WASHINGTON, D. C. – Attorney General Karl A. Racine announced today that his office has reached a settlement that will return approximately $210,000 to long-term residents of two rent-controlled apartment buildings where the management company had allowed a short-term-rental firm to operate apartments like hotel rooms. The agreement with Daro Management Services, LLC and Daro Realty, LLC comes in a larger lawsuit that the Office of the Attorney General (OAG) Office of Consumer Protection brought earlier this year against those entities, as well as Ginosi USA Corporation; its owner, Eric Ginosian; and the owners and managers of two other apartment complexes in the District.
The settlement resolves the suit’s claims involving the owners and operators of two rent-controlled buildings in Ward 2: The Phoenix, at 1421 Massachusetts Avenue NW; and The Rodney, at 1911 R Street NW. Ginosi has operated short-term rentals out of as many as 46 separate apartments in these buildings since at least August of 2015. In its complaint, OAG alleged that the two Daro entities partnered with Ginosi to operate these illegal short-term rentals.
Both properties involved in the settlement were subject to the District’s rent control laws. By offering the units as short-term rentals to tourists, Ginosi and the two Daro defendants were depleting the city’s inventory of rent-controlled housing.
“Rent-control laws are crucial to maintaining affordable housing in the District, and this settlement helps prevent those laws from being flouted,” said Attorney General Racine. “Preserving housing for low- and middle-income residents in the District is a priority for our office, and we will continue to pursue individuals and companies that seek to circumvent our laws.”
As part of the agreement, the Daro entities agreed to:
- Take steps to terminate all leases with Ginosi;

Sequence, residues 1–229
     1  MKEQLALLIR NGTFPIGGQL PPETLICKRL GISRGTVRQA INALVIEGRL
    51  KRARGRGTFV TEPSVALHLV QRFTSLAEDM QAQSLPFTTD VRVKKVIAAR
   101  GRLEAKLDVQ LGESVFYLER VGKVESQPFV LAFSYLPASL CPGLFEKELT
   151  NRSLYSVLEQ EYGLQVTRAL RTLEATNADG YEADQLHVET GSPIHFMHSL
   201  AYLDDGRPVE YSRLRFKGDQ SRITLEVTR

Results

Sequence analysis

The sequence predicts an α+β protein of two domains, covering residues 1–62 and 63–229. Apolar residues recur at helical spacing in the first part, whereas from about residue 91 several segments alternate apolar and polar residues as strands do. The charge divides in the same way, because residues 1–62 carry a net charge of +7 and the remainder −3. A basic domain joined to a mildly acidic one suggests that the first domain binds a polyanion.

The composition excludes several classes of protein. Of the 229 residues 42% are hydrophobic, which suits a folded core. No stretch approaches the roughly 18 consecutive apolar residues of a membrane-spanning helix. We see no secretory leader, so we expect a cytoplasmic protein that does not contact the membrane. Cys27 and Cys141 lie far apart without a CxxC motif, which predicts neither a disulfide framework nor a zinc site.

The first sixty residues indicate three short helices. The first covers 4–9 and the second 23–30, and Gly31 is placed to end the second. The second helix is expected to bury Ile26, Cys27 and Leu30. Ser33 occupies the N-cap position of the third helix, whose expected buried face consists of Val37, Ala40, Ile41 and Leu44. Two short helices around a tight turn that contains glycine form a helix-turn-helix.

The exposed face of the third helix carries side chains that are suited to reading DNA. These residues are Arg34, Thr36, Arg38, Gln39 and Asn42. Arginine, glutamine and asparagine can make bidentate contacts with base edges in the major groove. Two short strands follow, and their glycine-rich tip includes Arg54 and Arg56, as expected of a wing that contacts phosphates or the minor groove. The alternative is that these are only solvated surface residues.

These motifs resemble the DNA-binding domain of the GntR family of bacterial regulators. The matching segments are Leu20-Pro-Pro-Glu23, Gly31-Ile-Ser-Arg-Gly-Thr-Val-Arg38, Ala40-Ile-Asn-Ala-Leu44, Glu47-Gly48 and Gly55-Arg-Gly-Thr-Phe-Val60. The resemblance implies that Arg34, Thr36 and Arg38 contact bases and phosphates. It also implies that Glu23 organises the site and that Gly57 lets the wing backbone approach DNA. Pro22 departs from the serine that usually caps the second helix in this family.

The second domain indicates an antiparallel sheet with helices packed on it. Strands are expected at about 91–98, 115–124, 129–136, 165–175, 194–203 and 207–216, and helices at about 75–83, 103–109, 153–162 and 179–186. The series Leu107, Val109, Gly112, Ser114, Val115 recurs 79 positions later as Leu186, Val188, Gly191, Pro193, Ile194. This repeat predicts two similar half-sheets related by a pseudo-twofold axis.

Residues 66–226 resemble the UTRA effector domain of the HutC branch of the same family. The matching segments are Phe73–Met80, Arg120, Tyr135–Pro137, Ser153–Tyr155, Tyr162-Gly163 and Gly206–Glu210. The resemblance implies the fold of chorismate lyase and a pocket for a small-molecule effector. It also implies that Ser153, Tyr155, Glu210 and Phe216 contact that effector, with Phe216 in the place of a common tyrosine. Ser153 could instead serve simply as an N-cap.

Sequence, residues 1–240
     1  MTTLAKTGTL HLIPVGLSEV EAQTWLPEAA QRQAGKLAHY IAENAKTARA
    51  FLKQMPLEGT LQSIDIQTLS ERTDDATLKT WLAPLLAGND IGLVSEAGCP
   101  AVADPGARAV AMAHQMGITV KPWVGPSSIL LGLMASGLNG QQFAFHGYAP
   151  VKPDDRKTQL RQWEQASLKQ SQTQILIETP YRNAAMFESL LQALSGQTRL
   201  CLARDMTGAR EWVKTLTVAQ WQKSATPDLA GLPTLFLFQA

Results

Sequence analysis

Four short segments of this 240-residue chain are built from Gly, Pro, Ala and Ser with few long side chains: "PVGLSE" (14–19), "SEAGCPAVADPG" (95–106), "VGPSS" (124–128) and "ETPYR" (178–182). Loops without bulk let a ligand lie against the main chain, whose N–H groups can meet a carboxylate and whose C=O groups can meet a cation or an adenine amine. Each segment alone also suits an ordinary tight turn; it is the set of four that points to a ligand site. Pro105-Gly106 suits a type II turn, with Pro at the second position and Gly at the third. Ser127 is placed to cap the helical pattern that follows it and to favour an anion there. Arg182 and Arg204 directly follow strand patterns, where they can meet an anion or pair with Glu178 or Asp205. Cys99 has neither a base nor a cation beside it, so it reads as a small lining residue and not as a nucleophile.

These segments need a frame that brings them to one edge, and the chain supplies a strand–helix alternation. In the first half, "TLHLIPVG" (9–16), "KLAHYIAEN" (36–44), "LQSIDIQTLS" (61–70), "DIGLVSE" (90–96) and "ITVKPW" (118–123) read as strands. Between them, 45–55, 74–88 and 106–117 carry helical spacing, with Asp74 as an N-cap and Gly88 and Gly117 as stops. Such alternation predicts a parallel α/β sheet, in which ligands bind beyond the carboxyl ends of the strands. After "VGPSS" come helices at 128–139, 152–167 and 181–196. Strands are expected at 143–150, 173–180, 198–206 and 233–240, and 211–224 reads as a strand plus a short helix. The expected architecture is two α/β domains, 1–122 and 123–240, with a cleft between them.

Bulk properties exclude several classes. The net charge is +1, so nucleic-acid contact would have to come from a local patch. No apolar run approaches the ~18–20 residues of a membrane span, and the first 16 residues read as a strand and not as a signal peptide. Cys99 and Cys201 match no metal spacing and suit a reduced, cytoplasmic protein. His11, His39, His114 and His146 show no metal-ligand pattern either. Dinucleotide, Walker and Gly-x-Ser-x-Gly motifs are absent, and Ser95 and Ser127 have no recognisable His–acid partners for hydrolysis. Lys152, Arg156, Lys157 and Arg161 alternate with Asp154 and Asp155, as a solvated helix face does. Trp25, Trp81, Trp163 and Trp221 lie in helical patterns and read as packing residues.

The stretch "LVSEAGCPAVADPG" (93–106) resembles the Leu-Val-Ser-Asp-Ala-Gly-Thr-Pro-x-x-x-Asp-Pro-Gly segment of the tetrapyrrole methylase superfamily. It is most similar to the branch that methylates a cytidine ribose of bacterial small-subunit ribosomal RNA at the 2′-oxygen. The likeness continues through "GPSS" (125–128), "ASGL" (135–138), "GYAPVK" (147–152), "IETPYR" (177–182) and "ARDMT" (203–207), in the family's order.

- Cease engaging in any further business or partnerships that sell illegal short-term rentals;
- Pay total restitution of $210,000 in the form of a rent refund or credit to long-term tenants of $132 per month for each month that the tenant lived in the building while Ginosi units were operated; and
- Pay the District penalties and costs of $100,054.
Attorney General Racine has alleged that operating apartment buildings like hotels is a violation of the District’s Rental Housing Act and the District’s licensing requirements for hotels. Ginosi also allegedly collects sales taxes from guests but fails to remit them to the District.
A copy of the Assurance of Voluntary Compliance that OAG reached with the Daro defendants is attached. A copy of the original lawsuit and associated documents is available here.
Preserving Affordable Housing and Helping Tenants
This settlement is one of several recent victories for tenants in the District resulting from OAG lawsuits and other actions to preserve affordable housing. As part of his commitment to ensuring District residents have access to quality affordable housing, Attorney General Racine will continue to bring actions to ensure safe and habitable housing conditions and to ensure that consumers get what they pay for with their rent checks.
Consumers who have complaints concerning Ginosi rentals or other short-term rentals may contact OAG’s Office of Consumer Protection at (202) 442-9892.
Tenants with landlord-tenant concerns can contact the Office of the Tenant Advocate at (202) 719-6560; if you believe your issue may be building-wide, please ask them to share your information with the Office of the Attorney General.